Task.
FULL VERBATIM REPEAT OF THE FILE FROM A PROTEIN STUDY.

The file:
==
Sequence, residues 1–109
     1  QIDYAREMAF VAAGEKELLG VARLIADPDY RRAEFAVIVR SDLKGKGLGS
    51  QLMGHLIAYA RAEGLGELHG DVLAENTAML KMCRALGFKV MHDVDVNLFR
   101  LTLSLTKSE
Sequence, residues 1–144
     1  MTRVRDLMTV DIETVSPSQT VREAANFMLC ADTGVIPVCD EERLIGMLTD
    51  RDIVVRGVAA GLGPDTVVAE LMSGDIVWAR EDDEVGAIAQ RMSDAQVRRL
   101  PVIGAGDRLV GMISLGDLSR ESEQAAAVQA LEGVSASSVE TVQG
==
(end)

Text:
Sequence, residues 1–109
     1  QIDYAREMAF VAAGEKELLG VARLIADPDY RRAEFAVIVR SDLKGKGLGS
    51  QLMGHLIAYA RAEGLGELHG DVLAENTAML KMCRALGFKV MHDVDVNLFR
   101  LTLSLTKSE
Sequence, residues 1–144
     1  MTRVRDLMTV DIETVSPSQT VREAANFMLC ADTGVIPVCD EERLIGMLTD
    51  RDIVVRGVAA GLGPDTVVAE LMSGDIVWAR EDDEVGAIAQ RMSDAQVRRL
   101  PVIGAGDRLV GMISLGDLSR ESEQAAAVQA LEGVSASSVE TVQG